Formerly homeless youth a ‘Jack’ of all trades
Two years ago, Jack Wahlquist was a 17-year-old kid living in a turbulent household in St. Paul. He had no control over what was happening around him. He’d reached his tipping point, and did the only thing he could: get out.
He soon discovered Booth Brown House in St. Paul, a Salvation Army housing facility for homeless youth.
“I Googled ‘resources for homeless youth’ and found this place,” Wahlquist said. “I was able to move in. Since then, it’s been the best accomplishment I’ve had in my life.”
Today, Wahlquist is 19 years old and thriving. He continues to live at Booth Brown House, which includes 35 efficiency apartments for formerly homeless youth ages 16 to 25, plus 12 emergency shelter beds for youth ages 18 to 21.
“I’m amazed that (a place) like this even exists,” Wahlquist added. “Without this place I’d be way worse off. I’d probably be homeless, or maybe I would have gotten out of homelessness but would be working full-time, tired, trying to pay bills.”
Living at Booth Brown House is allowing Wahlquist to follow his dreams. Right now he’s working at Kmart and saving all his money to pursue a career in agriculture. He plans to enroll in a nine-month farming course that begins this January, followed by an internship on an actual farm. If all goes according to plan, he will move out of Booth Brown House when he turns 21.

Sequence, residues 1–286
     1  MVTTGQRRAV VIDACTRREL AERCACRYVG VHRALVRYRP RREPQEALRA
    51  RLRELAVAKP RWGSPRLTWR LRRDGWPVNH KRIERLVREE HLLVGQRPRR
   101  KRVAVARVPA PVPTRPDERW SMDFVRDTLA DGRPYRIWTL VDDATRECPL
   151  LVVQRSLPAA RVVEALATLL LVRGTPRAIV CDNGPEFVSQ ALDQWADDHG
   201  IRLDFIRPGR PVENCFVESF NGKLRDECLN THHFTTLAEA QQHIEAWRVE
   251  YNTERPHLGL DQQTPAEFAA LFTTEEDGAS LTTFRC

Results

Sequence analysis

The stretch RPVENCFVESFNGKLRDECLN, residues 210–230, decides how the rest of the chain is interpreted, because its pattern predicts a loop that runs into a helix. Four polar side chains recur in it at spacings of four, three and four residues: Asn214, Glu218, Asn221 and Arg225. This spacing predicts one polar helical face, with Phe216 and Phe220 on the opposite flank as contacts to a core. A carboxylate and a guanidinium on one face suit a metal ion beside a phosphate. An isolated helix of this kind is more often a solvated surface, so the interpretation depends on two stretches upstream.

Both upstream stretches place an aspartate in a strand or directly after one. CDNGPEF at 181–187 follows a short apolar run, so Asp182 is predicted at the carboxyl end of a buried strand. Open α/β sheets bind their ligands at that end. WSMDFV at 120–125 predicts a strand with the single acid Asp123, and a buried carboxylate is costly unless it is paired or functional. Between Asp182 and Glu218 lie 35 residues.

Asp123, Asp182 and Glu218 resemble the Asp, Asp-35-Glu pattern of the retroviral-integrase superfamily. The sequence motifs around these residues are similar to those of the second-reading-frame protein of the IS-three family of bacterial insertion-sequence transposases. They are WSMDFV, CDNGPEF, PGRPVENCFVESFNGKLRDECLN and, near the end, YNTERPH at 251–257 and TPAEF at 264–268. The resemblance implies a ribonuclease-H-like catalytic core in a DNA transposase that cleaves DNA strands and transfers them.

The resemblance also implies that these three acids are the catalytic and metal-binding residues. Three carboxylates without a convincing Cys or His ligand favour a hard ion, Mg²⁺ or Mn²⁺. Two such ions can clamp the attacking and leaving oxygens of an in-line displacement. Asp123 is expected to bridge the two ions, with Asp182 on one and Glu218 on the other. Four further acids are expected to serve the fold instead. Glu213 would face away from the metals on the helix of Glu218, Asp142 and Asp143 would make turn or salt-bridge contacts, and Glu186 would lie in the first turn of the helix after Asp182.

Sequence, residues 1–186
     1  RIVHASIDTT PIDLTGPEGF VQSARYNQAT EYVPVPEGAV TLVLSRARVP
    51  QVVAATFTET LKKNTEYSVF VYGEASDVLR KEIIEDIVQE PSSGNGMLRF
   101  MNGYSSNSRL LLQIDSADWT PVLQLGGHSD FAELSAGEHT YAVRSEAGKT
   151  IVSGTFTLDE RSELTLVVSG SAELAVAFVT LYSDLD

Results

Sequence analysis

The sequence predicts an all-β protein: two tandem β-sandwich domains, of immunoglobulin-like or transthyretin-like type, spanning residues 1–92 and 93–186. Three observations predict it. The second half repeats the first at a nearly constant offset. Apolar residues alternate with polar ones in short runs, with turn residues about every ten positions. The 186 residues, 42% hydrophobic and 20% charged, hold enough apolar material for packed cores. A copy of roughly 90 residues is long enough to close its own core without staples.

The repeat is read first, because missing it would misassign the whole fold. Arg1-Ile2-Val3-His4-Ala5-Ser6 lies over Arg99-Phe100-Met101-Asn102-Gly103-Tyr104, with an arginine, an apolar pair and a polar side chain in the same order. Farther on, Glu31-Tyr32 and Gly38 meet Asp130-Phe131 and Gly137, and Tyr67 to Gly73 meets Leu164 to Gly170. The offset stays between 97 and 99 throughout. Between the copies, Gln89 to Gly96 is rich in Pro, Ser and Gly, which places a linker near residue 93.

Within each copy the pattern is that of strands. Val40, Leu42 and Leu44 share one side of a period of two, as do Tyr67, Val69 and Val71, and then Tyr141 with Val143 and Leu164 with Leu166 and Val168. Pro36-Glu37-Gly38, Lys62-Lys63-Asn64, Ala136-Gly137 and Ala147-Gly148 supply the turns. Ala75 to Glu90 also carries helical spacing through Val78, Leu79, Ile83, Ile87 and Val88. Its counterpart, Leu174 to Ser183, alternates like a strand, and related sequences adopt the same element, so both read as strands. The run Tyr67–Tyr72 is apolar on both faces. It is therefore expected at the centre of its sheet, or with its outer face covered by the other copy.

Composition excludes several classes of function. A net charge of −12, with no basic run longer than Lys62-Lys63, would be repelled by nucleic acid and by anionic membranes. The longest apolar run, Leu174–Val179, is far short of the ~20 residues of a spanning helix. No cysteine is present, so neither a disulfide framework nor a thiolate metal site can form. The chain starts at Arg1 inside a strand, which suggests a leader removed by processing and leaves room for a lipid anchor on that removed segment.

Wahlquist has other interests, too. He’s a veritable Jack of all trades, with fascinating hobbies galore. He’s a budding public speaker. He likes to write about economics, psychology, philosophy, children’s rights, and other topics, and post the stories online. And he loves music.
“I did street performing around the State Fair this year,” explained Wahlquist, who also enjoys writing classical music. “I play the flute, piano, viola, bassoon, and ukulele. I can improvise with all of them.”
Booth Brown House director Nicole Mills is proud of Wahlquist and all he’s become.
“Jack is truly gifted and it is our job to make sure he has the opportunities he needs to be successful and reach his goals. Booth Brown House is here to help Jack find who he is and to give him a platform to help explore all of his potential,” said Mills.
Booth Brown House is a godsend to Wahlquist and the dozens of other youth who live there. They receive all the love, support, and resources they need to be successful.
Wahlquist is particularly thankful for Booth Brown House because it helped him take control of his life.
“The world used to be my crap shoot, so I had to make it my oyster,” he said.
Watch Wahlquist explain more in this short video: